Agnes Bernauer and her judge (2011 Straubing Festival)

Nevertheless, at the beginning of the 19th century the Agnes Bernauer Chapel became a tourist destination. One newspaper (the Bayerische National-Zeitung) even asserted it as being the only reason to pay a visit to Straubing. The locals were happy to supply visitors with information, not all of it reliable. One concerned reader wrote to the Königlich-Bairische Intelligenzblatt in 1813 that the sexton had informed him that Austrian troops had walked off with the remains of Agnes Bernauer. When the German poet August von Platen inspected the gravestone in 1822 he heard from the female sexton that Agnes and Albert had been switched as infants so that she was actually the duke's daughter and he the son of the barber-surgeon, but that the book which would have confirmed this exchange had been stolen by French soldiers.[11]

After excavations in the Chapel at St. Peter failed to produce any results, the Bernauer biographer Felix Joseph Lipowsky had the Carmelite cloister grounds searched in 1897 for evidence of her grave. He found in the cloister archives a note indicating that the grave was in the former Nicholas chapel of the cloister church, but this chapel had been converted to a sacristy after 1692 and the vault underneath filled in. Lipowsky could only assume that her remains were reburied elsewhere during the reconstruction work. Despite subsequent searches, her grave remains undiscovered.[12]

The Bavarian king Ludwig I, who had himself visited the Agnes Bernauer Chapel in 1812 when he was crown prince and later dedicated a poem to Agnes, saw to it that at least the masses for Agnes and Albert were again read in the Carmelite church. Since 1922, only one memorial mass is celebrated annually, due to financial limitations; it is paid for by the Bavarian government.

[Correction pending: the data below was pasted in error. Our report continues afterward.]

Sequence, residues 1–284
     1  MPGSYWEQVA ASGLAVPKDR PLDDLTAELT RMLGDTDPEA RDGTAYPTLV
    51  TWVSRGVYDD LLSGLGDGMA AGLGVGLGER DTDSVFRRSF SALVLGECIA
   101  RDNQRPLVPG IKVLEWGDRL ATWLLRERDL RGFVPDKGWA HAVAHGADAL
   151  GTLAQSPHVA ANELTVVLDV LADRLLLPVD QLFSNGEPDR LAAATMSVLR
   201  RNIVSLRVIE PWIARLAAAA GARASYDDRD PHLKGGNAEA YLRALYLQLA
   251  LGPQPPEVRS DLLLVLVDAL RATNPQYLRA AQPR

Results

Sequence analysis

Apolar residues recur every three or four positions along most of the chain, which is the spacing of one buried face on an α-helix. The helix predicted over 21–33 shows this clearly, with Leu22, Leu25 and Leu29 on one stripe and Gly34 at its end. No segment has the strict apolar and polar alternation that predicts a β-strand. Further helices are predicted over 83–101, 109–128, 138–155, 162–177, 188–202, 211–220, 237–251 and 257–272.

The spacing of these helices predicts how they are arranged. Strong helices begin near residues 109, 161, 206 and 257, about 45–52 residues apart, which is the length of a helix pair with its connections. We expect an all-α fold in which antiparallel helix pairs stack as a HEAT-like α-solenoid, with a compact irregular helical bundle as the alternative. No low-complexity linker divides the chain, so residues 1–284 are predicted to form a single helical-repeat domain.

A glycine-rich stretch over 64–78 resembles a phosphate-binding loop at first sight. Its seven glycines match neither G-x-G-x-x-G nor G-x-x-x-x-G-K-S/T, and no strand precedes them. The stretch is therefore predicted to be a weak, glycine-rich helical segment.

Adaptations[edit]

Albert and Agnes' tragic love story has long been a staple of folk songs, and over the centuries many new literary and musical versions have been created.

References[edit]

  • The information in this article is based on that in its equivalent in the German Wikipedia.
  • Werner Schäfer: Agnes Bernauer und ihre Zeit. Nymphenburger, München 1987 ISBN 3-485-00551-7
  • Werner Schäfer: Agnes Bernauer. Geschichte - Dichtung - Bild. Attenkofer, Straubing 1995 ISBN 3-931091-02-3
  • Hans Schlosser: Agnes Bernauerin (1410–1435). Der Mythos von Liebe, Mord und Staatsräson, in: Zeitschrift der Savigny-Stiftung für Rechtsgeschichte, Germanistische Abteilung, 122. Band (2005), Wien-Köln-Weimar, Seiten 263-284

External links[edit]

Sources[edit]

  1. ^ On Agnes Bernauer's origins see Marita Panzer's discussion of Kaspar Bernauer in Agnes Bernauer, pp. 11–15; on the tournament see Chronik des Hektor Mülich 1348–1487 in: Die Chroniken der schwäbischen Städte. Augsburg. vol. 3, Vandenhoeck & Ruprecht, Göttingen 1965, p. 70 (following Alfons Huber, Agnes Bernauer im Spiegel der Quellen, p. 13). Referring to the meagre evidence for Agnes' origins in Augsburg, Claudia Märtl in Straubing, p. 154, assumes that she was a servant at the Munich court and there aroused the interest of Albert. Panzer, Agnes Bernauer, p. 36f. and p. 170, comment. 32, rejects this supposition.
  2. ^ On Agnes Bernauer in München see 1) Stadtarchiv München, Steueramt Nr. 584, fol. 42 r (following Marita Panzer, Agnes Bernauer, p. 36f); 2) Stadtarchiv München, Kammerrechnung Stadt München 1431/32, fol. 50 v (following Alfons Huber, Agnes Bernauer im Spiegel der Quellen, p. 13, cf. Panzer, Agnes Bernauer, p. 38f; 3) Stadtarchiv München, Kammerrechnung Stadt München 1431/32, fol. 51 r (following Alfons Huber, Agnes Bernauer im Spiegel der Quellen, p. 15, cf. Panzer, Agnes Bernauer, p. 41.
  3. ^ Deed of purchase from the parish of Aubing. In: Ernst Geiß: Beitrag zur Geschichte der Agnes Bernauer, in: Oberbayerisches Archiv. vol. 7, 1846, p. 303f. (following Alfons Huber, Agnes Bernauer im Spiegel der Quellen, p. 16). See Panzer, Agnes Bernauer, p. 43f. and the reference to Johannes Erichsen: Umrisse Blutenburger Geschichte, in: Claus Grimm (ed.): Blutenburg. Beiträge zur Geschichte von Schloß und Hofmark Menzing. Haus der Bayerischen Geschichte, München 1983, p. 26ff.